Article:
"Every gymnast needs to have a bit of anger in them... every sports person does."On Sunday, August 14, 2016, Dipa Karmakar will continue her work of breaking new ground for Indian gymnasts as she takes to the floor in the vault finals at the Rio Olympics. Like Toni-Ann Williams, Dipa Karmakar is the first and only female gymnast to represent her country at the Olympics. Unfortunately, her road to Rio wasn't nearly as smooth as many of the other gymnasts. But, like every other athlete competing in Rio, what makes her an Olympian is her drive and determination.
"It hasn't been easy for her. Initially, we didn't have the equipment. She practised on discarded second-hand equipment. The first vault she practised on was made using the parts of an old scooter. The Sports Authority of India had rejected her and told her that she'd never be a gymnast because she was born with flat feet. With each medal that she won, her resolve grew stronger. She refused to take 'no' for an answer," said [her father] Dulal [Karmakar].Her chances of making it to the final round were slim. Her overall ranking after the qualifications round was 51. It was her vault score that won her a spot in the finals. She is one of only five women who have successfully landed the extremely difficult Produnova maneuver, named after Yelena Produnova. Not only is it difficult, it's also dangerous. It's been called by some the "vault of death," and there have been many calls for it to be banned in official competitions.
So why would anyone try it? Well, to be frank, it's all about the money. Poor athletes in poor countries don't have the same opportunities as their competitors. To build the nation's training programs, they rely on donations. Donations that only come in when the medals do.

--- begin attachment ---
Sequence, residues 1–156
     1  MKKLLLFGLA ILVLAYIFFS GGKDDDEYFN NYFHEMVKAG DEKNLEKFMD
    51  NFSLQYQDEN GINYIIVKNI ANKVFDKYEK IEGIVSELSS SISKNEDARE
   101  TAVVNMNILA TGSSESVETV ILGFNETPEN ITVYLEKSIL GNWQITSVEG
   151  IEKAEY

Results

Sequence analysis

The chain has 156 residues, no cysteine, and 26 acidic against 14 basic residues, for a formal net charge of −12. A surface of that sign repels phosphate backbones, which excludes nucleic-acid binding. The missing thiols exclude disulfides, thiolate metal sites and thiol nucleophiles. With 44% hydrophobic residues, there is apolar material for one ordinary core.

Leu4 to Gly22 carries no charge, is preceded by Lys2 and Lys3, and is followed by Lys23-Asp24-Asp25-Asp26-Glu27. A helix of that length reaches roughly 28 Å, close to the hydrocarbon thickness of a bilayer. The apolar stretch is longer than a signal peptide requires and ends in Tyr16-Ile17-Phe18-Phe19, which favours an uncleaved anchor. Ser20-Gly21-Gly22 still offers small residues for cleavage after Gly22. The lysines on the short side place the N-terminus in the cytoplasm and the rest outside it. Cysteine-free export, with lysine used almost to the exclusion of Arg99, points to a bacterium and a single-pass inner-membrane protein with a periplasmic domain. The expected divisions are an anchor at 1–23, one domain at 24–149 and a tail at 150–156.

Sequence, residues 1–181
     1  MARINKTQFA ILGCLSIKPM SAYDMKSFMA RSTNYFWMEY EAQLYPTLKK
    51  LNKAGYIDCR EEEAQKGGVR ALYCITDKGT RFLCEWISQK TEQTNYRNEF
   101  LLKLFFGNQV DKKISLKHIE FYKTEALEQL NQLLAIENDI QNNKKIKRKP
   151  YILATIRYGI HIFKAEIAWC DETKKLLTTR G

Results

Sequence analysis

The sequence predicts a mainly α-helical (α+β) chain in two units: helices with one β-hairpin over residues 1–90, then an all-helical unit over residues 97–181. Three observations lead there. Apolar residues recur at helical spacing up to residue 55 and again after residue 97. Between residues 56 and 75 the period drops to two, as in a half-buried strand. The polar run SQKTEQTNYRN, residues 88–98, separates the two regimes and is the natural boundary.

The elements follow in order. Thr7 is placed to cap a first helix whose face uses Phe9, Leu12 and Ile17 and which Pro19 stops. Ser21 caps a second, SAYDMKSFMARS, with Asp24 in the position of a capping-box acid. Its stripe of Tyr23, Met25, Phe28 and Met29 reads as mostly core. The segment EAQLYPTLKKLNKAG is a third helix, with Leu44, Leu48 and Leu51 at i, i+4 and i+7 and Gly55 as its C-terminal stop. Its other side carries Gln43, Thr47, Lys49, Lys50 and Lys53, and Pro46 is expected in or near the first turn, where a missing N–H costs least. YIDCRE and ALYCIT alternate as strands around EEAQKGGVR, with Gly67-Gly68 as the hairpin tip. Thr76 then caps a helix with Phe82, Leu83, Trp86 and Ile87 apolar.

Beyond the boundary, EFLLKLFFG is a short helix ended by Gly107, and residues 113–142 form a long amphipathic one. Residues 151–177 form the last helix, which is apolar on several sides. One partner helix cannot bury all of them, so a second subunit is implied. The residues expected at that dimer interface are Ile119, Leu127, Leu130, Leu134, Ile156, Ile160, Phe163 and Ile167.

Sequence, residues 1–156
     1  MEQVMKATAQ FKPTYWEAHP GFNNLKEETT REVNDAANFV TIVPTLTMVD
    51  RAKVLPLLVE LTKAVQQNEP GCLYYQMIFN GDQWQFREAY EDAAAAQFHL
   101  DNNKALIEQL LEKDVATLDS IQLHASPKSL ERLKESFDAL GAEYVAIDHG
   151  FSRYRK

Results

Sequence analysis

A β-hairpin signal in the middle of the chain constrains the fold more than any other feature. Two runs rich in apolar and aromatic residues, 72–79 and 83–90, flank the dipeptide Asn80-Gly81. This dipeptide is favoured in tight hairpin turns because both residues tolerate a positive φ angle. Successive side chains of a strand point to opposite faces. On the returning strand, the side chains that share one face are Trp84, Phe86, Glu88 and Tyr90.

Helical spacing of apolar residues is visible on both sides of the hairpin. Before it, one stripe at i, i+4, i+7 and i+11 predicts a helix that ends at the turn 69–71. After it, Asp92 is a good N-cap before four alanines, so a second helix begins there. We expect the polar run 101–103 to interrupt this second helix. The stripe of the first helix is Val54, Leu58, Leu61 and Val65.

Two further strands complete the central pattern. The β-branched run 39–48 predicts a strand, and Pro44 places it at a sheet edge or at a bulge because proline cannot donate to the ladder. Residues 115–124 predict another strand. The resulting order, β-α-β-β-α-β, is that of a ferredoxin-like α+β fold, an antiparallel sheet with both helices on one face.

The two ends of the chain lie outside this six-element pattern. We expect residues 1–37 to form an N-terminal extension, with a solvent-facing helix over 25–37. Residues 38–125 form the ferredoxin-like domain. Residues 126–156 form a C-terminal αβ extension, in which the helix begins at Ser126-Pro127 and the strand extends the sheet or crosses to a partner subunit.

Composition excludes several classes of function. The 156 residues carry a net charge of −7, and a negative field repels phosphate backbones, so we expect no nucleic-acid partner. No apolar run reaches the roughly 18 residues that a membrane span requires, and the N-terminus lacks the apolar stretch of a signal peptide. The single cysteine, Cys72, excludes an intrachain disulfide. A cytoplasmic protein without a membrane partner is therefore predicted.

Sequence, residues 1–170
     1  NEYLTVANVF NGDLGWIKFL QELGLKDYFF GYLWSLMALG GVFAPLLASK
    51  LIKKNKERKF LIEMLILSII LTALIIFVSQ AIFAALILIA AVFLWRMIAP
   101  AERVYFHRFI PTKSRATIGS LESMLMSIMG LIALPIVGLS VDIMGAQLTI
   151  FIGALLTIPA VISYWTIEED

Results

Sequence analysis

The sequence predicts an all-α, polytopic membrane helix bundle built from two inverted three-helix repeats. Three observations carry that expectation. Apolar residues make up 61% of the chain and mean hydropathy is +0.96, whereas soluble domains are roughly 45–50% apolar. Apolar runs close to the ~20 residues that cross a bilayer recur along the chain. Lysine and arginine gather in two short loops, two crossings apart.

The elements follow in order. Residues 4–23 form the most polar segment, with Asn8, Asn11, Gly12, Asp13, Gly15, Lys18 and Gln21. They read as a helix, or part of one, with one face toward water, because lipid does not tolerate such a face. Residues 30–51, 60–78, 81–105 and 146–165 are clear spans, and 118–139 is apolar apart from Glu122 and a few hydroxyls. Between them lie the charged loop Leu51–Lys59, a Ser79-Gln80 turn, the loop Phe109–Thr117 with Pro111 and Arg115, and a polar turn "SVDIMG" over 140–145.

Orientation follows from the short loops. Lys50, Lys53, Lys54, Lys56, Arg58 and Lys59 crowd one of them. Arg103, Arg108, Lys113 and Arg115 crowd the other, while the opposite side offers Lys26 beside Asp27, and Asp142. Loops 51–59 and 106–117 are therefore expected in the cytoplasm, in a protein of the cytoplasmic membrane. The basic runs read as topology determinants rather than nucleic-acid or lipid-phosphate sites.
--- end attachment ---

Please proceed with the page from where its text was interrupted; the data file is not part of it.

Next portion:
"There can be death if you land on the neck, there's death if you go down headlong. It is risky, I know. But to win something, I always knew I had to take a risk."
It's easy to get caught up in the stories of the truly remarkable athletes like Katie Ledecky and Simone Biles who are at the top of their fields and setting world records left and right. And we should honor their amazing achievements. But part of what I find some wonderful about the Olympics is the change to learn about the athletes from around the world who don't have world-class training opportunities and yet they still get up every morning and put in a full day's work at the gym because they know the real achievement is in pushing themselves to be their very best.
And, in the case of athletes like Dipa and Toni-Ann, they know that their success is not just for them. They carry the hopes of their entire country with them. Each medal is a step forward for all the young gymnasts back home.
Since her bronze medal in Glasgow, Dipa has become a celebrity in Tripura. She often arrives at the Agartala airport to a sea of well-wishers, and the state government arranges for an open jeep to take her home. But her parents like to maintain their distance from the buzz. "People love her and they should. But when she comes back home, she is still my little daughter. Nothing has changed for me," said her mother [Gauri Karmakar].She's been told "no" so many times, I expect she's learned how to ignore it and perform well just for spite. In fact, the latest news is around the fact that the Sports Authority of India (responsible for sending athletes to the Olympics) didn't bother to send her any support staff other than her coach, claiming it would be wasteful. Well, now that she's in the final, they've decided to rush her physiotherapist to Rio to help prepare for Sunday's event.
Dipa's chances of earning a medal on Sunday are slim. She's competing against the likes of Simone Biles. But even so, I think I may be cheering a bit harder for her than anyone else, knowing the level of effort she's already put in to get to the final in the first place. And I know I won't be the only one.
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